Time to lead on the peace process

The gulf in trust between ethnic armed groups and the government are evidence that much more is needed than just showcase events.

THE PEACE process is at a low ebb – perhaps its lowest point since the U Thein Sein administration breathed new life into it shortly after taking office.

In one of her first major speeches after the National League for Democracy swept the polls in the 2015 general election, Daw Aung San Suu Kyi promised to make peace her first priority. Given her party’s impressive mandate and the international community’s support for her there was reason to be optimistic.

The state counsellor has personally taken control of the peace process, appointing herself chairperson of the National Reconciliation and Peace Centre, a slimmed-down version of the Myanmar Peace Center that was established under Thein Sein.

But developments since the NLD took office have raised questions about Aung San Suu Kyi’s approach to the peace process. Her main achievement has been convening the 21st Century Panglong Union Peace Conference, the first of which was held in August 2016, and the second due to take place within the next month.

But the gulf in trust between the ethnic armed groups and the central government are evidence that much more is needed than just these showcase events.

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The second peace conference under the NLD government was originally scheduled for February 28, but late in the month U Zaw Htay told Frontier the date would be pushed back to give the government more time to secure the participation of non-signatories to the Nationwide Ceasefire Agreement. At the time of writing, it seemed likely that only signatories would attend.

Yet there are concerns that even this low bar may not be reached.

In early February, NCA signatory the Chin National Front said it was considering boycotting the next Panglong conference due to the government’s inability to organise a political dialogue meeting in Chin State.  

The government has now agreed to hold the talks in the mountainous state in late February. It is a positive step but also worth asking why it required such a drastic measure – the threat of a boycott – to finally organise the meeting.

The government must take seriously the wishes of all Myanmar’s ethnic armed groups, both signatories and non-signatories. If any signatories walk away from the ceasefire and Panglong, then it will throw an already beleaguered process into even greater jeopardy.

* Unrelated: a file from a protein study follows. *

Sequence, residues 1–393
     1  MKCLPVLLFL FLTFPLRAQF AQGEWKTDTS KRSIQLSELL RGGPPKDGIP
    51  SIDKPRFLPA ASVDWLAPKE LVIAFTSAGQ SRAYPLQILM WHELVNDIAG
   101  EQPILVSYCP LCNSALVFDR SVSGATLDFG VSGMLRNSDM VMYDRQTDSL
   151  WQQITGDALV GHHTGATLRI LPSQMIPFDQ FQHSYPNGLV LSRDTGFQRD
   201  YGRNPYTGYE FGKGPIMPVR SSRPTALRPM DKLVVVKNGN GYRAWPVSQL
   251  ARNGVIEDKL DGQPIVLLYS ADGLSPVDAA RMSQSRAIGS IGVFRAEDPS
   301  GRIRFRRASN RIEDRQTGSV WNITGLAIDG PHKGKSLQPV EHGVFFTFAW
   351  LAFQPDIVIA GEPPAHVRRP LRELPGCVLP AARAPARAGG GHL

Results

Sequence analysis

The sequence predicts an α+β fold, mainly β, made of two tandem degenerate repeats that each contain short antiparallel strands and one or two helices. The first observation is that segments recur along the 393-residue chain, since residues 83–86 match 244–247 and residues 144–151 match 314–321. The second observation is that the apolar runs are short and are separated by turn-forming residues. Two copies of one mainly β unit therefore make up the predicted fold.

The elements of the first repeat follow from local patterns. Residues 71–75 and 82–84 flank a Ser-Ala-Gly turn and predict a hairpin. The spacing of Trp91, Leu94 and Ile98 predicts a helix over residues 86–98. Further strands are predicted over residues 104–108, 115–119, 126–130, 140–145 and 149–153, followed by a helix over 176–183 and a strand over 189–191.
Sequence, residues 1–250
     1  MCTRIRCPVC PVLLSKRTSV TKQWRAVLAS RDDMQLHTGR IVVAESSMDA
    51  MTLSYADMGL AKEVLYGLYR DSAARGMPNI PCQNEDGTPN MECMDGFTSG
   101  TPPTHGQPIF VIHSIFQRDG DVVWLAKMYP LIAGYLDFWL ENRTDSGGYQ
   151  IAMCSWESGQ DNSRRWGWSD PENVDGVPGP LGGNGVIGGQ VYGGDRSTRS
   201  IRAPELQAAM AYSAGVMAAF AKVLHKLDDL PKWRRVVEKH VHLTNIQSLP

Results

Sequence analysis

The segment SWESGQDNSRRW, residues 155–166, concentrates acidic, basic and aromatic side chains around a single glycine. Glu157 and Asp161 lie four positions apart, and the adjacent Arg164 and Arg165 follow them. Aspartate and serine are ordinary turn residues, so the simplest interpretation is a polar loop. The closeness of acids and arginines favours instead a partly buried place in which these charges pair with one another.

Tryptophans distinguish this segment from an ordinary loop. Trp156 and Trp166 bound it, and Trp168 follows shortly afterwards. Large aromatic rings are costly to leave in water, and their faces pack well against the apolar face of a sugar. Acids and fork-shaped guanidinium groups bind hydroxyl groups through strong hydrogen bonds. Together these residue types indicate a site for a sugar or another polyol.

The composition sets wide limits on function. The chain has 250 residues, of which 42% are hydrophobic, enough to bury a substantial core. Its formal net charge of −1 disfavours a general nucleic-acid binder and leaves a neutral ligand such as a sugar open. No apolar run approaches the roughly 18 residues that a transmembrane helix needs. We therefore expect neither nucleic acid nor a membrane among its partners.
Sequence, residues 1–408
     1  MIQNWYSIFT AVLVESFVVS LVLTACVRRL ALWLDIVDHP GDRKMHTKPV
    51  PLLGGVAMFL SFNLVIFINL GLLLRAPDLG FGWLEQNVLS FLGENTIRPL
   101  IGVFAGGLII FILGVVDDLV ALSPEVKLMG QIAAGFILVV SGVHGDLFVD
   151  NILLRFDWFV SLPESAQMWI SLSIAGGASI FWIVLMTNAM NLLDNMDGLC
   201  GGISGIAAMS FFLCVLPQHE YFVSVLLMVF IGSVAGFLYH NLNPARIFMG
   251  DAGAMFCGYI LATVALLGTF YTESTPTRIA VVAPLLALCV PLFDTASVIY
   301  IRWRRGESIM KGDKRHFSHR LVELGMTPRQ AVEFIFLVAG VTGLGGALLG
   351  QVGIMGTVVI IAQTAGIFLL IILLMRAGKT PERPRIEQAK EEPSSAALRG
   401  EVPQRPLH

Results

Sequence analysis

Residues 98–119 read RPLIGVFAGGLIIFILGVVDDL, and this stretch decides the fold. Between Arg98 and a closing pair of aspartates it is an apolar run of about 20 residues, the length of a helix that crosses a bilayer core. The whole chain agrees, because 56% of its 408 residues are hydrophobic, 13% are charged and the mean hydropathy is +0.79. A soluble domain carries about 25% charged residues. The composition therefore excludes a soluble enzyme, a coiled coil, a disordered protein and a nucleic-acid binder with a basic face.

Speaking on the occasion of the 70th Union Day in Panglong, Shan State, on February 12, Aung San Suu Kyi urged all armed groups to “rewrite history” by signing the NCA.

But it is understandable that many still refuse to heed her advice. Take the Kachin Independence Army as an example: The Tatmadaw seems intent on using overwhelming military strength to force its long-time foe into signing the agreement.

It is an approach that is doomed to fail. The KIA, and many Kachin people, have a deep distrust for the Tatmadaw. They also have the support of other groups operating in the north of the country, and the terrain in Kachin is perfect for a long, drawn-out, guerrilla-style war should it come to that. Any prolonged conflict there would only heap more pain and misery on the country’s population.

There remain gaps in understanding between the ethnic armed groups’ desires for what federalism in Myanmar looks like, and what the Tatmadaw perceives those wishes to be. Some sources have told Frontier that the military believes ethnic minorities are demanding full autonomy from the Union. That is not the case, at least for most of them. The only way to close these gaps in understanding is to promote consistent dialogue between all parties.

It’s not all doom and gloom, though. The government’s decision to postpone the Panglong conference suggests a degree of flexibility that it had not previously exhibited. It also indicates that it has recognised the importance of listening to all peace stakeholders when trying to end the decades of conflict the people of this country have endured.

Much more of the same is needed.

This editorial originally appeared in the February 23 issue of Frontier. 

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